Development group hoping to make further improvements downtown

Building on a year of success, Seymour Main Street plans to make 2018 even better by changing the landscape of the downtown to attract more people to spend time exploring and more businesses to invest in the area.

The organization is working closely with the city to prepare for the opening of the new downtown park in late spring and on renovating and updating One Chamber Square.

Although weather has slowed construction at the site of Crossroads Community Park, the project still is expected to be completed by late May, officials said.

Located at the “crossroads” of two rail lines in the 100 block of East Tipton Street, the 3-acre park will become the gateway into downtown and the site of new and expanding events, said Becky Schepman, executive director of Seymour Main Street.

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A large outdoor stage, pavilion with lawn area and public parking and restrooms will make the park the perfect location for outdoor concerts, including the Seymour CityJam summer concert series, art and community festivals and other events, including the Seymour Area Farmers Market, she said.

The name of the park recently chosen was to tie in with the city’s Crossroads Community Trails, an ongoing project to connect areas of the city with trails and make it more accessible to navigate by biking and walking.

The $3.5 million park is being funded by the Seymour Redevelopment Commission using tax increment financing revenue and is being developed by GM Development of Indianapolis.

Tom Goecker, chairman of Seymour Main Street’s design committee, said the organization is working with the city on a grant that would help pay for upgrading One Chamber Square, too, located on South Chestnut Street next to the Greater Seymour Chamber of Commerce building.

Construction of One Chamber Square was completed in September 1987 as part of a $1 million downtown rehabilitation project. There hasn’t been any major work done to the park, which cost an estimated $160,000, since that time, Goecker said.

“It’s time for some upgrades,” he said.

Ball State University students are involved in the project and presented some preliminary ideas for the One Chamber Square property in December.

“We’re looking at tying it together to the new park,” Goecker said.

For people to easily and safely walk from the park to One Chamber Square and further downtown, Goecker said a pedestrian rail crossing gate is needed. That won’t be easy to get approved by the railroad companies, but it would go a long way in making the area more accessible, he said.

Another goal of Seymour Main Street is to beautify the downtown and make it more inviting for people to visit and stay.

The organization has been working to replace downtown benches and install bike racks and wayfinding signs, Goecker said.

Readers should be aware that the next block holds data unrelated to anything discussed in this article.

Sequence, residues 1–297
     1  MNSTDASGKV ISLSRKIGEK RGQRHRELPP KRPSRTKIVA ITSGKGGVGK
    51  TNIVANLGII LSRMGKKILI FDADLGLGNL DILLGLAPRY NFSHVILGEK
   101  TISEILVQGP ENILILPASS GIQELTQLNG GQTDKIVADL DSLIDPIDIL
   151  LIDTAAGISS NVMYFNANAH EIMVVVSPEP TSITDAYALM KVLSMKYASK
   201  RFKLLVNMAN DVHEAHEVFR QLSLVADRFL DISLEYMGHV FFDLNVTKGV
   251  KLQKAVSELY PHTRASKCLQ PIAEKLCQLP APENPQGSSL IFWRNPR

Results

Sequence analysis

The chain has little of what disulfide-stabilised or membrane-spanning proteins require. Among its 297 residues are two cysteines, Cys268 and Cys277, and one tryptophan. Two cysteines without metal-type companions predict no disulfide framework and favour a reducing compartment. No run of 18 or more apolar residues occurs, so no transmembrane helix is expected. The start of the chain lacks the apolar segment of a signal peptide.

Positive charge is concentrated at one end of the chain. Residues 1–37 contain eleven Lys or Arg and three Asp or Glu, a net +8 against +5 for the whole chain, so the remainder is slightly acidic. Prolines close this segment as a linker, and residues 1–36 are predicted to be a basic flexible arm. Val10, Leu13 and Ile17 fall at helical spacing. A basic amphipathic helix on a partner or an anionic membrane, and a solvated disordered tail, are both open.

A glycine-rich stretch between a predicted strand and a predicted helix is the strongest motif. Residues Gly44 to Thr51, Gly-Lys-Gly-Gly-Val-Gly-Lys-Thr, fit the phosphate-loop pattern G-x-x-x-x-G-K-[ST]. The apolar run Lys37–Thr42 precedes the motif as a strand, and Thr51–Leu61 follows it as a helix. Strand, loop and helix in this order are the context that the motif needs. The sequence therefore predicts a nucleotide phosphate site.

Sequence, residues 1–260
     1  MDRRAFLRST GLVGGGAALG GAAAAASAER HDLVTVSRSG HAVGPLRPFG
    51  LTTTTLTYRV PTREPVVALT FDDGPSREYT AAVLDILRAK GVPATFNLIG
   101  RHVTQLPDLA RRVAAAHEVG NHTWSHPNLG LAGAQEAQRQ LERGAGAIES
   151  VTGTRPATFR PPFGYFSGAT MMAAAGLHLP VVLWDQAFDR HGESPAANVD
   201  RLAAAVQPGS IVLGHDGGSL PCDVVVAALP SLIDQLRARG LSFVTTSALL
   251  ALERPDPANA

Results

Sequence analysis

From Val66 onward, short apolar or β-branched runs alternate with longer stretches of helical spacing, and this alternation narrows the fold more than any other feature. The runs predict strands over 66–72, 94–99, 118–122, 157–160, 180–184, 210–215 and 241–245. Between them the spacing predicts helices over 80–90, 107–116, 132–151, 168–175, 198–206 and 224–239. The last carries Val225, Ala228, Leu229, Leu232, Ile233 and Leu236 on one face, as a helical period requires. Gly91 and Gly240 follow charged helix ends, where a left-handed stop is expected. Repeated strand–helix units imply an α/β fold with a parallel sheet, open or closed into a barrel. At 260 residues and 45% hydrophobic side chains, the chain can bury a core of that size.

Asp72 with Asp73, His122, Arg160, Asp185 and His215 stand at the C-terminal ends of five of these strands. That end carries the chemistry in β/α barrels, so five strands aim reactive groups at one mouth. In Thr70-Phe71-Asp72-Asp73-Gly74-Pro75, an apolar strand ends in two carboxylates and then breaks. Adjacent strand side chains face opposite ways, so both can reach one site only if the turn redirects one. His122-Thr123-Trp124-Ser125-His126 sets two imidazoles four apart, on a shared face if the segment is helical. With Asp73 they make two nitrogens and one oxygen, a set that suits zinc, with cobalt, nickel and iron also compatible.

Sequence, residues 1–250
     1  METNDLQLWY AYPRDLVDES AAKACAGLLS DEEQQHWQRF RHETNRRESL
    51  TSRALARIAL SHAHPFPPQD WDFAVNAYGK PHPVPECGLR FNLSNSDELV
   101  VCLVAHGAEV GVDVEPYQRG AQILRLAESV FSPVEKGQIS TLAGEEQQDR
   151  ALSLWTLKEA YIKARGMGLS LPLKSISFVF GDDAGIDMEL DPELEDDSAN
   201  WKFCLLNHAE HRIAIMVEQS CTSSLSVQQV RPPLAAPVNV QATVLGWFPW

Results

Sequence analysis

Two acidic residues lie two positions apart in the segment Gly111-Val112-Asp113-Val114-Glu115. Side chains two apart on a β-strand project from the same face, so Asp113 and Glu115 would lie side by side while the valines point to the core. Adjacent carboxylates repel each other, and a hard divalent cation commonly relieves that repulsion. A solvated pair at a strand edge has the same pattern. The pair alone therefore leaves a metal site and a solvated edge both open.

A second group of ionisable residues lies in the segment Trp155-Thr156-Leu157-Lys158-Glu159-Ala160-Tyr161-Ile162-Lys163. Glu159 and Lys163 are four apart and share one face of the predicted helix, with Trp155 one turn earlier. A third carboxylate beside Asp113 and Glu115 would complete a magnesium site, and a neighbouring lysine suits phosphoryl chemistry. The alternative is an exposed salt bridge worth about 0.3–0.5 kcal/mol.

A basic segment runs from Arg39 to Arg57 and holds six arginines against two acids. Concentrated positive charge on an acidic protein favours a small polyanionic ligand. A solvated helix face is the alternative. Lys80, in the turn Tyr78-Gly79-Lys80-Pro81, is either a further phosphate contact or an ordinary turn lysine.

He hopes to be able to add another 40 benches in the next couple of years through grant money but said Seymour Main Street may have to take up that cost to get them all placed.

The design committee also is working with the Jackson County Recycling District to replace trash cans with recycling/trash combination receptacles to increase recycling opportunities, Goecker said.

To attract more businesses and to help current building owners improve their properties, the economic restructuring committee continues to maintain the Seymour Main Street loan and grant program.

That program issued $19,428.65 in grants in 2017 to five downtown businesses for new awnings, signs and/or building facades and a $10,000 loan to a local building owner to renovate 123 W. Second St., for a total of $29,428.65 invested in the downtown.

“Ultimately, our goal is to have 100 percent of the buildings in downtown occupied,” said Jeff Nolting, committee chairman. “We also obviously want to maintain facades, which will help maintain the structural integrity of our buildings downtown.”

Nolting said the biggest request the committee gets is for help replacing windows, so they are looking at whether Main Street can offer financial assistance with that particular need.

“If you look through downtown, there is a lot of different variety of windows,” he said.

There also is concern that some of the older windows could be safety hazards because they do not shatter when broken but come down as a single pane, he said.

This year, Seymour Main Street gained 14 new members, bringing the organization’s total to 109 members. Membership fees brought in $16,129.04 in 2017.

People interested in becoming members and supporting Seymour Main Street can now do so through the organization’s newly designed website,

Brandon Hunsley, chairman of the organization committee, said a new strategic plan will be completed soon to allocate more specific responsibilities and to try to accomplish more in the next five years.

“It’s going to give us a lot of work to do, as we have big plans for downtown and for some of our events,” he said. “Hopefully, downtown will look a lot different five years from now.”

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Seymour Main Street 2018 board

Brandon Hunsley, president

Beth Veatch, vice president

Suzi Judd, treasurer

Jane Graessle, secretary

Members: Fred Moritz, Tom Goecker, Jim Noelker, Anthony Walker, Melissa Collins, Monica Hartung, Roger Smith, Jeff Nolting, Mindy Roeder, Melody Hageman, Shannan Silver, Mayor Craig Luedeman and Tricia Bechman, president of the Greater Seymour Chamber of Commerce

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Calendar of spring events in downtown Seymour

One Chamber Square Spring Scavenger Hunt: 10 a.m. April 7

Parking Lot Pickers: 8 a.m. April 14

Happy Glamper Show: Noon April 28

Seymour Area Farmers Market opens: 8 a.m. May 5

Downtown Shop Around: 9 a.m. May 19

Seymour CityJam: 6 p.m. June 21